Broker Check
Retirement Planning?  Think "Buckets"

Retirement Planning? Think "Buckets"

September 28, 2018
Share |

Where will my income come from and how can I manage the risk of running out of money in retirement?                                                                                          

These are two of the more common questions and concerns we encounter as financial planners, and we address them with an approach that we feel helps alleviate some of the uncertainty for our clients.  It is called the Bucket Strategy.  Here’s how it works!

It all begins with a comprehensive financial planning process during which we’ll analyze your total retirement income needs in retirement, taking into account things like inflation and taxes.  Once we’ve estimated the total income amount you’ll need to maintain the standard of living you desire in retirement, we’ll assess what fixed income sources are available.  Fixed income sources include things like social security benefits, pensions, and annuities.  We total up and subtract those fixed income streams out from your estimated total income need to determine the net income needed from other assets to produce the total income you need to maintain the lifestyle you desire.  This net need from assets is our starting point for developing your bucket strategy.

Using the information we gather through the planning process about your net income need, we can establish 2 to 3 buckets of assets.  The first bucket, which is used to fund near-term expenses, is generally going to be invested more conservatively in short term assets that are highly liquid.  The primary goals for this bucket are liquidity and capital preservation while hopefully generating a nominal return.  This is the bucket from which you will draw your net income need.  The other bucket(s) will be invested with the goals of longer term growth and periodically being used to replenish our first bucket.  So how do we determine how much goes in each bucket? 

If we look back at past recessions or bear markets, we see that most market downturns recover within 4 to 5 years.  If we look back at the most recent recession, one of the worst in history, we see that the pre-recession S&P 500 peak occurred in the fall of 2007.  It wasn’t until the spring of 2013 that the S&P 500 index returned to and surpassed its 2007 peak.  If you had been retired during this time and were invested heavily in equities, you were likely having to draw income from your assets while they were down and locking in investment losses for a period of about 5.5 years.  Having to sell assets throughout a bear market is a precarious scenario for the long-term sustainability of your portfolio as it deepens the hole from which you have to grow out of.  This is exactly the situation we want to avoid using our bucket strategy.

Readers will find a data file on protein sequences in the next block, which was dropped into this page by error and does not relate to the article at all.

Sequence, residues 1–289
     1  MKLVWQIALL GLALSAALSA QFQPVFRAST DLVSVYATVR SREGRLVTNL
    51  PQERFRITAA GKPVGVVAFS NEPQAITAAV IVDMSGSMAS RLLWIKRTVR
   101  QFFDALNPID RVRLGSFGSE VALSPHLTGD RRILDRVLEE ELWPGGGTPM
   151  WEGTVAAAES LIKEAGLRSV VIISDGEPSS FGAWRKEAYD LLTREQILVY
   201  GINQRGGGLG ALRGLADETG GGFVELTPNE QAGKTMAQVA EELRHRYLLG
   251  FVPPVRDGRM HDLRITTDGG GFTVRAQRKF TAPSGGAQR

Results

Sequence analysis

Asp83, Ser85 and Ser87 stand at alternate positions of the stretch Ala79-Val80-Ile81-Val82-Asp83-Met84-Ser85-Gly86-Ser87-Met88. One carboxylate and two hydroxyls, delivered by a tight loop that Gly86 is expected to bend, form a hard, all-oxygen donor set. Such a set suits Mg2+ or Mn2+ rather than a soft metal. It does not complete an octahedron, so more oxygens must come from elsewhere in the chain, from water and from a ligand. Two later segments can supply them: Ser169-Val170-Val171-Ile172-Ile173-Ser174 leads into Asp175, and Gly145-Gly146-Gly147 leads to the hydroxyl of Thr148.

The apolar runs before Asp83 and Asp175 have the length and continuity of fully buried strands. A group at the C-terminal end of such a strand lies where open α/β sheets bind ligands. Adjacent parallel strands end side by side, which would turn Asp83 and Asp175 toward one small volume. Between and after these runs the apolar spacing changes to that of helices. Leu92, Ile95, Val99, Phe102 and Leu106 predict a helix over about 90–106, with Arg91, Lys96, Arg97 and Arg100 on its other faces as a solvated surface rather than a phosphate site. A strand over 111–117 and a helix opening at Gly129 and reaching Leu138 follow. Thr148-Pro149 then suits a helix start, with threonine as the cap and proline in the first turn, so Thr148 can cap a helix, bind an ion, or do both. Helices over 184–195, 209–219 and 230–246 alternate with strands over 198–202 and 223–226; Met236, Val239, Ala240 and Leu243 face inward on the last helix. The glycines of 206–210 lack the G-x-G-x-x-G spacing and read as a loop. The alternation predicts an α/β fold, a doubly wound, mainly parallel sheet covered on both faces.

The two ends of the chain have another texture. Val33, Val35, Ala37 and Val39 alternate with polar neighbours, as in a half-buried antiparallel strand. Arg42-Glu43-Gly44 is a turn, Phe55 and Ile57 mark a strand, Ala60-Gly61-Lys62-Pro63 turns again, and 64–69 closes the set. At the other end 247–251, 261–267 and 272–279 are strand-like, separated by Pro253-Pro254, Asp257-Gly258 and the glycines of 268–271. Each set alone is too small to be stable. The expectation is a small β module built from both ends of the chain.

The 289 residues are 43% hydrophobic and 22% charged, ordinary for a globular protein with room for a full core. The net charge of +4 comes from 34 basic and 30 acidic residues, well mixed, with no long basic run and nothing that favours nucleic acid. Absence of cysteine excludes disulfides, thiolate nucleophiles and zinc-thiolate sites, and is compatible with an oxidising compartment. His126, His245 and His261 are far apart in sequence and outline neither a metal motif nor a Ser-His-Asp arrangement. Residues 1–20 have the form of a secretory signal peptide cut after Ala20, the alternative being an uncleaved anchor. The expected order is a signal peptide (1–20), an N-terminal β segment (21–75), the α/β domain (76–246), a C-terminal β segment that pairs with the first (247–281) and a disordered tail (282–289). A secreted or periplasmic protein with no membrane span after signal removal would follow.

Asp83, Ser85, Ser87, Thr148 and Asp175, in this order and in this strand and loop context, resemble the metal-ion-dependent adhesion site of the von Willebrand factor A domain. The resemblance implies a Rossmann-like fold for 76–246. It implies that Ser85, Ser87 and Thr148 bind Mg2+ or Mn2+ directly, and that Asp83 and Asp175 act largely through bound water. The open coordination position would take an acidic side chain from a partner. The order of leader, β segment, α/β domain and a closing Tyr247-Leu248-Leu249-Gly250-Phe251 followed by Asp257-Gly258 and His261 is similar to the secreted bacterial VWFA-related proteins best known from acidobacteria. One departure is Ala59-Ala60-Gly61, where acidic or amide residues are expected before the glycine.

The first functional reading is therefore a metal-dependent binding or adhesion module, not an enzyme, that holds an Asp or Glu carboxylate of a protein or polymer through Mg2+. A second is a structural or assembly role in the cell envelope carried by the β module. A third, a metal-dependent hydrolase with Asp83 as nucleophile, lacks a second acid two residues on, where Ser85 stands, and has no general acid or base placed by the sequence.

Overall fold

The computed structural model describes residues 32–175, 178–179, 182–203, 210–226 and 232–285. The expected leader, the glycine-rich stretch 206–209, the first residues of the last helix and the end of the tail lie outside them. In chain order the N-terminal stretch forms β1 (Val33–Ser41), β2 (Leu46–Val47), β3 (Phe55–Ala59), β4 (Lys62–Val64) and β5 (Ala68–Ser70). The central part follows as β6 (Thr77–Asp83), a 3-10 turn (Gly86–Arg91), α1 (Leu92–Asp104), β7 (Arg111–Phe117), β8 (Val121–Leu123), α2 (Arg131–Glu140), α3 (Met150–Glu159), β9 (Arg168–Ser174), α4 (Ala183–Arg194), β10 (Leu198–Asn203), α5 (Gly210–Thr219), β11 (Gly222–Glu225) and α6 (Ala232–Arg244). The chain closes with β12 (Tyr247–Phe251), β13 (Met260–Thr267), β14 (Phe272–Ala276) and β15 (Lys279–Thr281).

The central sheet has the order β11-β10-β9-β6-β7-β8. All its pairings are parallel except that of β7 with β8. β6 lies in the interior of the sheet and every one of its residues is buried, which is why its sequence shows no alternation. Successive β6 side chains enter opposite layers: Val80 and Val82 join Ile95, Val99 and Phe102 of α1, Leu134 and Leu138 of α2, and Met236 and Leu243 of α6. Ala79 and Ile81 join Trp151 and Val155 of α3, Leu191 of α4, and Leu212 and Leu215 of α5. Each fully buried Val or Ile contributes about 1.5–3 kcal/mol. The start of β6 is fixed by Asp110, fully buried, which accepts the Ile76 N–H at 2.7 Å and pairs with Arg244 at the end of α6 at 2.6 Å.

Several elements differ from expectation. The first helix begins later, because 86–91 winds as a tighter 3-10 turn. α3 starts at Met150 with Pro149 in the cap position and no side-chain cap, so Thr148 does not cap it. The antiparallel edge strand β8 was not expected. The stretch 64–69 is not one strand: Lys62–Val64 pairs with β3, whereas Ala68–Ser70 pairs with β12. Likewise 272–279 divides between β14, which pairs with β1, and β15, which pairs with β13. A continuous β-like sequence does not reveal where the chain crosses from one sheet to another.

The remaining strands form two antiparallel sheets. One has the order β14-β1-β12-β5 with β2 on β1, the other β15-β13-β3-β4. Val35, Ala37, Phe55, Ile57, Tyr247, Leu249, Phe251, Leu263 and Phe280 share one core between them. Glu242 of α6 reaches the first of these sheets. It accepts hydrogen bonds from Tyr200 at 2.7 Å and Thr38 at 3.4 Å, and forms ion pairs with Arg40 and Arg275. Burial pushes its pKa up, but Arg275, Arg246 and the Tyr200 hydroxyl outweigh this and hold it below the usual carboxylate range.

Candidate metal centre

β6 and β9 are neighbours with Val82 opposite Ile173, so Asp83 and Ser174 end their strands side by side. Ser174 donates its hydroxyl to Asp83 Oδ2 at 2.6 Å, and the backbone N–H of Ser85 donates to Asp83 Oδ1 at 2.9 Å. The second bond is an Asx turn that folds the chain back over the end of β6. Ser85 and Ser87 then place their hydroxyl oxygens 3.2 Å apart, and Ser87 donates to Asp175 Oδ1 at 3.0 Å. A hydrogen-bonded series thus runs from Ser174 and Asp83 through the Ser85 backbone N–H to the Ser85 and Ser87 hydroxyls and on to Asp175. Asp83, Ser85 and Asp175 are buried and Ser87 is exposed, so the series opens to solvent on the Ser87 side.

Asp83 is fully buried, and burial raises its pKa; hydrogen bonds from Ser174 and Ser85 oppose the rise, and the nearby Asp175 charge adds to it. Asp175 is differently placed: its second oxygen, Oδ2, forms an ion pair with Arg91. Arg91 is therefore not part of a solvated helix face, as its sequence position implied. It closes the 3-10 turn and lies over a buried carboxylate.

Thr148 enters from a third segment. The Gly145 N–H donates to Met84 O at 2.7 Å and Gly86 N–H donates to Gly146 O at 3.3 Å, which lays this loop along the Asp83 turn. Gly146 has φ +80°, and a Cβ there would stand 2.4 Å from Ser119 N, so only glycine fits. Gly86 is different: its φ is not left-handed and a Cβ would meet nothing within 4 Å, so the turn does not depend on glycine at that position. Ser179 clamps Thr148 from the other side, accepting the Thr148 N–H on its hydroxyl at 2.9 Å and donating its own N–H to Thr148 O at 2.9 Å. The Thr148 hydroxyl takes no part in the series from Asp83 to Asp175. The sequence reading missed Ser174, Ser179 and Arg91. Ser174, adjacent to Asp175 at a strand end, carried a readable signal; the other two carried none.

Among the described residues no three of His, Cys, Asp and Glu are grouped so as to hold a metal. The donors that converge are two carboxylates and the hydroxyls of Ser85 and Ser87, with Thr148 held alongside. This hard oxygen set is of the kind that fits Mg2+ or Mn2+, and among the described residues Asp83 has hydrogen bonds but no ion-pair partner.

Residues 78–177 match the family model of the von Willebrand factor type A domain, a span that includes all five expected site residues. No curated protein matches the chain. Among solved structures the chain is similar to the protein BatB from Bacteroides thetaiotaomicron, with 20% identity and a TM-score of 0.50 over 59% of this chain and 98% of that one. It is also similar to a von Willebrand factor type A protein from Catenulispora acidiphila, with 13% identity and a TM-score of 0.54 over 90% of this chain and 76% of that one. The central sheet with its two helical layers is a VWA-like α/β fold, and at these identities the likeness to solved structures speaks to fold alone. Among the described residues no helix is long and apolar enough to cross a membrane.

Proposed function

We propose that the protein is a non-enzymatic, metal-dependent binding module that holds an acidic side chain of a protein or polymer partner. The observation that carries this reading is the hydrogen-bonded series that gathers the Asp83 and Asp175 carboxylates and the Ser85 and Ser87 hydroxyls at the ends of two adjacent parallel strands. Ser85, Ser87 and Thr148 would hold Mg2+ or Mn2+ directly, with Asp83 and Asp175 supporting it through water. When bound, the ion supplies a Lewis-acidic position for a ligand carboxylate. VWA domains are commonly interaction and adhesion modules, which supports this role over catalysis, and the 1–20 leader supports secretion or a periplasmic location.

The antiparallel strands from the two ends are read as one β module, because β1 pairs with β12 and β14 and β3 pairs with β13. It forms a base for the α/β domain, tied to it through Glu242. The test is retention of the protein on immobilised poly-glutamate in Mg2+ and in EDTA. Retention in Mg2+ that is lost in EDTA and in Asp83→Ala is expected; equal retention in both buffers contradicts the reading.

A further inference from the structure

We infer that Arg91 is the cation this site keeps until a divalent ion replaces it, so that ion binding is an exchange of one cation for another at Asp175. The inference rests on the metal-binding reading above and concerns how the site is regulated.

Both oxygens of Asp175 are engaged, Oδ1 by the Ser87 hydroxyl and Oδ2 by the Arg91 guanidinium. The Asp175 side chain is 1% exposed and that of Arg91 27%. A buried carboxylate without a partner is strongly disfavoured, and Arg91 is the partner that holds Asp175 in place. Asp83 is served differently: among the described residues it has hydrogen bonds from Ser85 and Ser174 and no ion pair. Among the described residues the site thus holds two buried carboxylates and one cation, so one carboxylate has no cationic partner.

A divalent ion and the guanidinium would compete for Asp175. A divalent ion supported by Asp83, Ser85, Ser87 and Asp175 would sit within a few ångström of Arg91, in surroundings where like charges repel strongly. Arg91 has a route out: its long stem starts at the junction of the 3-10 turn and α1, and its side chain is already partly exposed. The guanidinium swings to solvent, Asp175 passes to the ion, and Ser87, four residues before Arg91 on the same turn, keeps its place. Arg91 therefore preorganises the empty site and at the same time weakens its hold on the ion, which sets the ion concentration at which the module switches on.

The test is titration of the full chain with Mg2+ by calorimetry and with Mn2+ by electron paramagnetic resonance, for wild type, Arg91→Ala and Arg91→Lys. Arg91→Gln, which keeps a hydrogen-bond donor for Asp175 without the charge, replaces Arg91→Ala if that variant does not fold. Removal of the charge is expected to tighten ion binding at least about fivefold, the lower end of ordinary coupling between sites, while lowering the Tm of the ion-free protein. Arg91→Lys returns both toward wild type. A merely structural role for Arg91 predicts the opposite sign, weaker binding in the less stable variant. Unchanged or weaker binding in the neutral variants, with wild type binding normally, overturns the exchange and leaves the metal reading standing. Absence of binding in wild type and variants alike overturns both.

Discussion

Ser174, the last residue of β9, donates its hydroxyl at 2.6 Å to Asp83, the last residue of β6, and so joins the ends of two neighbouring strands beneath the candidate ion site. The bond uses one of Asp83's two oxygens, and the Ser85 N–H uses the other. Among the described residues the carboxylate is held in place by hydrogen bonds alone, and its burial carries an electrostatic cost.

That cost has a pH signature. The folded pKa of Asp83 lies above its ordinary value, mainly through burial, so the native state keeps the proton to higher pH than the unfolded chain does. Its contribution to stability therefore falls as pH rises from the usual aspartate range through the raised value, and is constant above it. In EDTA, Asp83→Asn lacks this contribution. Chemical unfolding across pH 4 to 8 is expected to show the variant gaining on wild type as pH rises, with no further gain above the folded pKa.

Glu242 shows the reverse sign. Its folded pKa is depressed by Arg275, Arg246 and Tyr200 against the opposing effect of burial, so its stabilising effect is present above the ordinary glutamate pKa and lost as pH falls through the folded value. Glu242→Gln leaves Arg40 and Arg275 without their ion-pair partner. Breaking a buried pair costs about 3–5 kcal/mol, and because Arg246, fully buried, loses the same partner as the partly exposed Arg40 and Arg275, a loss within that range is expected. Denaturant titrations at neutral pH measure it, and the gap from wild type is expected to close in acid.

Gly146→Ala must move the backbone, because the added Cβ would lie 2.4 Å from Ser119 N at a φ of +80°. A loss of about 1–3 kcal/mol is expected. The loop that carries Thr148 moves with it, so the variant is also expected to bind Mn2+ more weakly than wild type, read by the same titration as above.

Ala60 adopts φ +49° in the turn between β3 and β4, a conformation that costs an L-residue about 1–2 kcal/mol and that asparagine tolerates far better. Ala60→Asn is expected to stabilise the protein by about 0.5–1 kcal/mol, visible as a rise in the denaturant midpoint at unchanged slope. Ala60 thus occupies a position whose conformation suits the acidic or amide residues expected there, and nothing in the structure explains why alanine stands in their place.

So, while past performance does not indicate future results, we aim to keep 4-5 years’ worth of your net income need in bucket #1.  If we enter into a bear market, our goal is to have enough assets invested in this bucket to sustain you through the market downturn and avoid dipping into your long-term investments while they’re down.  This allows the bulk of your assets to stay invested for a longer time period, hopefully long enough to recover their losses.

We meet periodically to evaluate the performance of our different buckets and determine if-and-when we may need to shift some assets between buckets.  If we experience positive returns on our longer-term buckets, we can use those gains to replenish or “spill over” into our income bucket to try to maintain that 4 to 5 year income buffer.

 

Let's look at a hypothetical example:

John and Mary are 65 and entering retirement and have $500,000 saved up in retirement accounts.  Through comprehensive planning with their advisor, they've determined they have a monthly income need of $5,000.  They have $3,000 of income from Social Security, leaving them a net need from assets of $2,000 per month.  This amounts to $24,000 a year they need to draw from their assets.  Based on the bucket strategy, we would place about $100,000 in bucket #1, representing 4+ years of income.  The other $400,000 would be invested in a longer-term portfolio.  Because we are assuming they won't need to draw from that bucket for 4 years, they have the flexibility to remain more growth oriented with the investment approach to the $400,000.

From time to time, they meet with their advisor to assess their buckets.  If after year one the long-term bucket has grown to $420,000, the advisor may take a portion of that growth and move it into the first bucket to replenish the withdrawals John and Mary have made and maintain the level they need there to keep the strategy in place. 

 

Remember, without thorough financial planning to help determine the timing and amount of your retirement income needs, it's impossible to tailor this strategy to fit your situation.  We believe the first step is to meet with a planner to prioritize your goals and clearly identify your needs.  From there, you can begin to develop a strategy built specifically for your family. 

 

This is meant for educational purposes only.  It should not be considered investment advice, nor does it constitute a recommendation to take a particular course of action. Please consult with a financial professional regarding your personal situation prior to making any financial related decisions.

The Standard & Poor's 500® Index (S&P 500®) is comprised of 500 stocks representing major U.S. industrial sectors. The index is unmanaged and cannot be directly invested into. Past performance is no guarantee of future results.

The hypothetical example is for illustrative purposes only, does not represent any specific investment and should not be deemed a representation of past or future results.  Investing involves risk, including the potential for loss of principal.

10/18